Flame weeding is done by generat­ing intense heat through a chosen de­vice — whether it is a handheld torch or tractor-mounted — that sears the leaves of the weeds, which causes the cell sap to expand, thusly damaging the cell walls. “You’re watching for the color change, depending on the weed and its maturity,” said Charles House of Earth & Sky Solutions. Leaves wilt and dehydrate the plant, leaving the invaders no other option than to die, sometimes up to three days later.

“The key to successful flame weeding is the maturity of the plant you’re trying to eradicate. The smaller, the better,” he explains. The best time is when they’re immature and in the cotyledon stage.

Flame Weeding Background

Flaming gained popularity in the first third of the 20th century and continued through the 1960s until pesticides re­placed industry attentions. Though its use waned over the following 20 years, flame weeding resurfaced and regained popularity in the early 1990s, and con­tinues to be used today. So continues flame weeding’s renaissance. Continue Reading →

Tractor Time Podcast Episode 7: John Slack and Soils from a Geological Perspective

This week, we’re dipping into the archives back to 2005. In 2005, Hurricane Katrina struck New Orleans and YouTube was founded, and in 2005, John Slack also took the stage at our Eco-Ag conference and spoke about rocks.

John Slack.

But we are not really talking about rocks. We are talking about geology. And even more so, geology-microbiology, or as Slack puts it, “Bugs eating rocks.”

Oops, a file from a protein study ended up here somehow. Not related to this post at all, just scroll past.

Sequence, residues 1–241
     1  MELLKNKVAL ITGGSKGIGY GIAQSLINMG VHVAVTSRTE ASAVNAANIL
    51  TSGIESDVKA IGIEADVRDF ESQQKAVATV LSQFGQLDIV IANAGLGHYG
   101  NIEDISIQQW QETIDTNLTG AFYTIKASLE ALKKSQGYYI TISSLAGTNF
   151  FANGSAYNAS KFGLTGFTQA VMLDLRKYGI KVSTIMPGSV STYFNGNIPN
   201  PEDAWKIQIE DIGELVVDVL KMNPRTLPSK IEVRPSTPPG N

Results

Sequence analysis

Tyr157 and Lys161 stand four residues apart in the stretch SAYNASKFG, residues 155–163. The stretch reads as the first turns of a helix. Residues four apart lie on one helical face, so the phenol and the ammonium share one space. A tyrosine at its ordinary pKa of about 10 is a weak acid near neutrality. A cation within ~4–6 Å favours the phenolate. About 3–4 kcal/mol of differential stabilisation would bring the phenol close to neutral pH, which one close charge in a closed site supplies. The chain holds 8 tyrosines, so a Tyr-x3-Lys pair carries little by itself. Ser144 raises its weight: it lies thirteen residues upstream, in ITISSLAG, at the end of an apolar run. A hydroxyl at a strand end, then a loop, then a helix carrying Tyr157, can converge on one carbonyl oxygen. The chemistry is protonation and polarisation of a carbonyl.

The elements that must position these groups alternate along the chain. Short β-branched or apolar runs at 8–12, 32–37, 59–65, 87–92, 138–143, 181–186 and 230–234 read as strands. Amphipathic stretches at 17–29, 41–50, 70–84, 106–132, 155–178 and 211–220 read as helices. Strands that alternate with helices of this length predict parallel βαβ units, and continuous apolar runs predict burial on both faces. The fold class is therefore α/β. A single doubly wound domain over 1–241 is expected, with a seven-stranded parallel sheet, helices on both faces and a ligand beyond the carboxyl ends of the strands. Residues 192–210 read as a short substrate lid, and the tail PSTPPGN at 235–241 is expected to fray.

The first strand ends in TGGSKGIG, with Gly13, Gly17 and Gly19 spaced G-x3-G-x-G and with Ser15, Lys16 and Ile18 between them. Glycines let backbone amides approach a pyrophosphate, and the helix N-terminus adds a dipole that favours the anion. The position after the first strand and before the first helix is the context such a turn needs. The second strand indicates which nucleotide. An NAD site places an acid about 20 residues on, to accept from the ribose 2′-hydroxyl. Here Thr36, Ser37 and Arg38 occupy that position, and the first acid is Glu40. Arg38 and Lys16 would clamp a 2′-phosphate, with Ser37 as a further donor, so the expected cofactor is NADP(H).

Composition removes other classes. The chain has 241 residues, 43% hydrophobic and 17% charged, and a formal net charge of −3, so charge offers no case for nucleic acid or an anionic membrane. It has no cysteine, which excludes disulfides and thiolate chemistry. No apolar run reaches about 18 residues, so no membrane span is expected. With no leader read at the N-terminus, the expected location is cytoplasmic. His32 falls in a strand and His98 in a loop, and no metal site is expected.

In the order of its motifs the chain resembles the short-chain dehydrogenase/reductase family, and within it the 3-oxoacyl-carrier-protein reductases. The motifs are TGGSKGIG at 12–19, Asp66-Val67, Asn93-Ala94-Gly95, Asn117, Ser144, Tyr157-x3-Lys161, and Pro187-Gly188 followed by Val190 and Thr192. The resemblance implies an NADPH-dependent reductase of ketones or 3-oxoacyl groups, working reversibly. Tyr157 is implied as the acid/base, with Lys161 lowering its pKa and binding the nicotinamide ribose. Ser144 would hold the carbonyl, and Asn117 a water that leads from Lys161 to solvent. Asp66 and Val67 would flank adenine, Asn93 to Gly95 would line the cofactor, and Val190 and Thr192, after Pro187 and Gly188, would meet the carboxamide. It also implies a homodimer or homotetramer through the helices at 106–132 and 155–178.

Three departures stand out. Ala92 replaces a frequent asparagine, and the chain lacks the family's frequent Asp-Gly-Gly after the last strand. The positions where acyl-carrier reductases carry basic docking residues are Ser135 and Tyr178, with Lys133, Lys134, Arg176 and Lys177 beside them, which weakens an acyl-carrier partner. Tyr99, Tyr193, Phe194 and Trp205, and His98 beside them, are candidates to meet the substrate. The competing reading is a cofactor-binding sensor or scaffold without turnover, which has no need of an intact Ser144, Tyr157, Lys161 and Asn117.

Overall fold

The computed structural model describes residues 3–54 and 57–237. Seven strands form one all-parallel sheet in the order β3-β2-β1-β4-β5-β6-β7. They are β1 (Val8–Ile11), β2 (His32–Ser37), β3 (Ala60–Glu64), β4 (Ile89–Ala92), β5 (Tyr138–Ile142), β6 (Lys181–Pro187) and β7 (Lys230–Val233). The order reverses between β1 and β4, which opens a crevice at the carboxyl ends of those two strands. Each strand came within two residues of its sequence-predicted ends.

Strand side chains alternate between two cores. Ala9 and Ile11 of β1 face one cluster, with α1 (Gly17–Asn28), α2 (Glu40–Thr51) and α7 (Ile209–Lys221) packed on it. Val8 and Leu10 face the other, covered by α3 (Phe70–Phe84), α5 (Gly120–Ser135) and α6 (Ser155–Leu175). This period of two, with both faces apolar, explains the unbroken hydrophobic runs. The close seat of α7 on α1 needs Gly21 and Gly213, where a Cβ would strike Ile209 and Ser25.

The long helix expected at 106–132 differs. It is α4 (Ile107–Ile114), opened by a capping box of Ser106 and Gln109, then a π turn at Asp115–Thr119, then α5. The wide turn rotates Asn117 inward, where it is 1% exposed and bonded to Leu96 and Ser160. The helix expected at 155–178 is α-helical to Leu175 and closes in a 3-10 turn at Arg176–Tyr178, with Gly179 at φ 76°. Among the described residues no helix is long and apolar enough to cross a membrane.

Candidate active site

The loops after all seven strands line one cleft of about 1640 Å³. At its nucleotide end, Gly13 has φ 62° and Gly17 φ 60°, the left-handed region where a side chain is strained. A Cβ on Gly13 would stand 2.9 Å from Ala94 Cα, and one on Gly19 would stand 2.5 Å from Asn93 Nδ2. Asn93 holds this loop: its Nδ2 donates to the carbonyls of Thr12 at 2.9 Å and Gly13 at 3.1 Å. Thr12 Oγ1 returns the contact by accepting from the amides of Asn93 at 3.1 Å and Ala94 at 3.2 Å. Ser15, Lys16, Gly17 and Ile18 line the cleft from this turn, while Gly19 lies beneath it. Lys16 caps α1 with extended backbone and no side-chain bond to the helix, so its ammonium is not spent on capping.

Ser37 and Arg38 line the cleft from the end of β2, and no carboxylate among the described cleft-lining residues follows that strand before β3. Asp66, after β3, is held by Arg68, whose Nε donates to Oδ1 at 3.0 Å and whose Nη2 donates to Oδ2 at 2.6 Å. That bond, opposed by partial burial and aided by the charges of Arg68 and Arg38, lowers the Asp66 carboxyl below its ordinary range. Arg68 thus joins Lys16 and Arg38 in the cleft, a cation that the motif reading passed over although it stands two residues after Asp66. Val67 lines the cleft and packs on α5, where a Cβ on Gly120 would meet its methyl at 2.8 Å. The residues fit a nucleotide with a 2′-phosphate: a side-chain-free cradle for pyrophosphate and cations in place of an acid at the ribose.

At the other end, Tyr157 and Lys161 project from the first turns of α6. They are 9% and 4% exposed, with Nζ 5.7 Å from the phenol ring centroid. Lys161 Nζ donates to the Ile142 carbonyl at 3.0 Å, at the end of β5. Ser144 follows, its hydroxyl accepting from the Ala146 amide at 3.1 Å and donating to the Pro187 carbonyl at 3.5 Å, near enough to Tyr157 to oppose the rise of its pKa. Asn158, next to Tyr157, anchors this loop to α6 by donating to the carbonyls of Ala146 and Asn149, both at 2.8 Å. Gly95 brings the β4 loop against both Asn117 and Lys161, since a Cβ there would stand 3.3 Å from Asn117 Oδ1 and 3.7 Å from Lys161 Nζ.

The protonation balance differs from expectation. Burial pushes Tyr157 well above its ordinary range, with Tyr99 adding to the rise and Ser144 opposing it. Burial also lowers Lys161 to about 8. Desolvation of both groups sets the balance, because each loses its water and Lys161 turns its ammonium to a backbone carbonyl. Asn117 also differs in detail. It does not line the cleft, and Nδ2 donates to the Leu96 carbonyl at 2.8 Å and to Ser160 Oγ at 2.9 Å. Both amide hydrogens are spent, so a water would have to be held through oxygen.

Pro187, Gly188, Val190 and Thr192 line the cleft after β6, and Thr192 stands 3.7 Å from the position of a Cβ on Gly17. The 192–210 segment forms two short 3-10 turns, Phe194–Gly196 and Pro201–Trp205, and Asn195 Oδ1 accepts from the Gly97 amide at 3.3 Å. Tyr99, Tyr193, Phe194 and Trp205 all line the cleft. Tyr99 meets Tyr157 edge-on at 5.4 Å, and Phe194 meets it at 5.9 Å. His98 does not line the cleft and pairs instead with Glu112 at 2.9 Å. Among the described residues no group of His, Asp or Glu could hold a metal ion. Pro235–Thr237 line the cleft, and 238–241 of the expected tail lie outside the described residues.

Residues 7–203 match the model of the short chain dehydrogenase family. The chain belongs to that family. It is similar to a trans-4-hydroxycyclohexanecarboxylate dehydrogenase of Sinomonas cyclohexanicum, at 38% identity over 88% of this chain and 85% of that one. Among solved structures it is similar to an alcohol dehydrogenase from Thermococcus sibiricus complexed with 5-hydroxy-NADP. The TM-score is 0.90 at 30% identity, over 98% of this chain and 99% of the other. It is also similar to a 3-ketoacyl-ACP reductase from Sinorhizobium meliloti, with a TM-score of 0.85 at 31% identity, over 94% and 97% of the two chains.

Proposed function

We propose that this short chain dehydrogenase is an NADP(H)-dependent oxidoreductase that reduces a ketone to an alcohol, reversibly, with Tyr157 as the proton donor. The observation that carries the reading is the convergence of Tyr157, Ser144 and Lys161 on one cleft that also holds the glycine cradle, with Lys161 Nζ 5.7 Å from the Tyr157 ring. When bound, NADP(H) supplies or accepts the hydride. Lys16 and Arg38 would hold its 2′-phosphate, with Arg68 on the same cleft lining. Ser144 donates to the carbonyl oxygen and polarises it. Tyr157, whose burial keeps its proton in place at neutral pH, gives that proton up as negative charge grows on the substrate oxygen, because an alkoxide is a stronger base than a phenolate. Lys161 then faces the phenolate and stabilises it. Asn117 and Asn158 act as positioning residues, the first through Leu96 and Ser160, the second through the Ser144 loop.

The basis of all this, and why it’s interesting to us and other eco-farmers: the industrial chemical revolution that occurred after World War II caused scientists, or geologists, or just rock fanatics, to pause in their research in regards to agriculture. Yet a few passionate folks, like John, continued. They avoided the noise of short cuts and pollution and learned how many living things manipulate rocks to get the nutrients they require.

John Slack does not call himself a geologist or a farmer. He calls himself a prospector. “We went out and looked for calcium,” he says in his talk. He talks about what he looks for when he walks the fields and digs his hands into the soil, to see what plants are reacting to those minerals.

John Slack is a fourth-generation miner who worked throughout northern Canada in the search of economic mineral deposits from 1979 through 1992. This entailed extensive stream sediment, soil geochemistry, geological mapping, compilations, mine development and mine management. This experience would result in employing these techniques in the evaluation of agricultural landscapes. In 1992 Slack left the mining industry and started farming on the family’s 330-acre property, Golden Innisfree Farms, located in Erin Township, Ontario. The farm was a grass-based cow-calf operation. Today the farm comprises organic vegetable production and a grass-based sheep dairy. Slack and his father started to evaluate and experiment with agrominerals. Commonly referred to as rock powder and rock dust, this research resulted in developing the Spanish River Carbonatite Complex, a unique igneous (magmatic) calcium carbonate deposit. Slack commenced soil auditing services that resulted in introducing soil evaluation methodologies, commonly employed in mineral exploration, to farm clients.